Taking a closer look at the FCC’s Net Neutrality Rules.
Yesterday, Michael wrote about the importance of net neutrality, and what’s at stake in the court case that will be argued next Monday. Today, I’d like to take a closer look at the source of the court case that’s going to be argued next Monday: the FCC’s net neutrality rules that Verizon is suing to overturn.
The FCC calls its rules the “Open Internet Order.” That link leads to a lengthy pdf—including all the procedural stuff and the opinions of separate Commissioners, it comes to over 200 pages. But the active part of the document—the core of the rules that Verizon is disputing—only takes up two of those pages. (The other hundreds of pages are mostly the Commission’s findings about the need for the rules and their authority to enact them—a topic Harold will cover tomorrow.)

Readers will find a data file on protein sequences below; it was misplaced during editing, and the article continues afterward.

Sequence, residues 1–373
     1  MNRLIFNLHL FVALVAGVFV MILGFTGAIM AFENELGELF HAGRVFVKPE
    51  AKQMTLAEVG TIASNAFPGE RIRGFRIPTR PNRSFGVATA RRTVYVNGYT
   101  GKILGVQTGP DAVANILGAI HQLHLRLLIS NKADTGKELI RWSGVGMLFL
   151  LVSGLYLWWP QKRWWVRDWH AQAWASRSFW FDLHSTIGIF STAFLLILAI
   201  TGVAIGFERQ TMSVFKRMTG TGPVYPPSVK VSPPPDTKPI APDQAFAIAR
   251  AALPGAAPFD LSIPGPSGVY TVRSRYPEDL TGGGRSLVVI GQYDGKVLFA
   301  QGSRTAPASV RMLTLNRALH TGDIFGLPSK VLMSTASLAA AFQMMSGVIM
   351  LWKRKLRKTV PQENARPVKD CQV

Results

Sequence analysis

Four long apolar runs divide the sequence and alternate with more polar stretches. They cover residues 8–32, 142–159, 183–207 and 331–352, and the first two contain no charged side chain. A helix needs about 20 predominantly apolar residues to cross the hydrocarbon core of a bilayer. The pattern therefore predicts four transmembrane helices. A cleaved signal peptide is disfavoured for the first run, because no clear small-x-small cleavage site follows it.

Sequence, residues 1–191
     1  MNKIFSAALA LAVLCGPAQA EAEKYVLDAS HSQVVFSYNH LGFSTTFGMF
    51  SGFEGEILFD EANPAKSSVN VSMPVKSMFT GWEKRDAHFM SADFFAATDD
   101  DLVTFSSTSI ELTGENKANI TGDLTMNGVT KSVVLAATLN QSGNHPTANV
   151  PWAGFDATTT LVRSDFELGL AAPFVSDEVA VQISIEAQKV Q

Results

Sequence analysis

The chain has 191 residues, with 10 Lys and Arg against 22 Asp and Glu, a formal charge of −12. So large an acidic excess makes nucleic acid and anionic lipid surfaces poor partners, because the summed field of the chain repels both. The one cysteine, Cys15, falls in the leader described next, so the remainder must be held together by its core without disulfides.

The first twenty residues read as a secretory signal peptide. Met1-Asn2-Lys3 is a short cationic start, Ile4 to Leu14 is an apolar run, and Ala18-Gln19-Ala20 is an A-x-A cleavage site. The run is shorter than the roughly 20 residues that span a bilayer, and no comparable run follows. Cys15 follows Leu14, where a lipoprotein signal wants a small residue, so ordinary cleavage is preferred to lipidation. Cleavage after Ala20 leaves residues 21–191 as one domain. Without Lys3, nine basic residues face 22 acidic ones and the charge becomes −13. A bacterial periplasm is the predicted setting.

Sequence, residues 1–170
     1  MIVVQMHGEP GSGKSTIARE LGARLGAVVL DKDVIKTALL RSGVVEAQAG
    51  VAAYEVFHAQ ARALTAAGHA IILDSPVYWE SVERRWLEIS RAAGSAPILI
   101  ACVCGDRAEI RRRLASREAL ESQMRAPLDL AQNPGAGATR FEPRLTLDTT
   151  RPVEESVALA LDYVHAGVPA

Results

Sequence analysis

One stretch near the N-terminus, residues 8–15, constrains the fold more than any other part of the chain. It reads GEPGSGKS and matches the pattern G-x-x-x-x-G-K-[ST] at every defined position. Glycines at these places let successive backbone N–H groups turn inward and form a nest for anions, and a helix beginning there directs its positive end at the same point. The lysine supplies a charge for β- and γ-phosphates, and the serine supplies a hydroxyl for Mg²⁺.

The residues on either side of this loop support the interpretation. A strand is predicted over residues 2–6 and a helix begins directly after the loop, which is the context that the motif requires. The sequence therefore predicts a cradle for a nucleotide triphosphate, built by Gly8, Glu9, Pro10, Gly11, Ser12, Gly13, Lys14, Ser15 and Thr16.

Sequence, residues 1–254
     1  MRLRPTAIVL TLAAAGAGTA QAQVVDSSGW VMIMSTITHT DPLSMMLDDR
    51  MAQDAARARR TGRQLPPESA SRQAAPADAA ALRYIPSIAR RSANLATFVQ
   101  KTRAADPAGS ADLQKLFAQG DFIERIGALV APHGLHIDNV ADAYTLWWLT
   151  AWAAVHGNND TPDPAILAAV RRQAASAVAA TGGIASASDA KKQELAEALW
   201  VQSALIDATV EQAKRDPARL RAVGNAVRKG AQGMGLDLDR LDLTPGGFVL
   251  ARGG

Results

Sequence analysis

If you’d like a look at what’s in those two pages, here they are:
The rules do 3 major things: they (1) require broadband providers to be transparent about their practices; (2) prevent them from blocking sites, and in many cases, applications, services, and devices; and (3) prevent most providers from unreasonably discriminating against certain traffic.
A person engaged in the provision of broadband Internet access service shall publicly disclose accurate information regarding the network management practices, performance, and commercial terms of its broadband Internet access services sufficient for consumers to make informed choices regarding use of such services and for content, application, service, and device providers to develop, market, and maintain Internet offerings.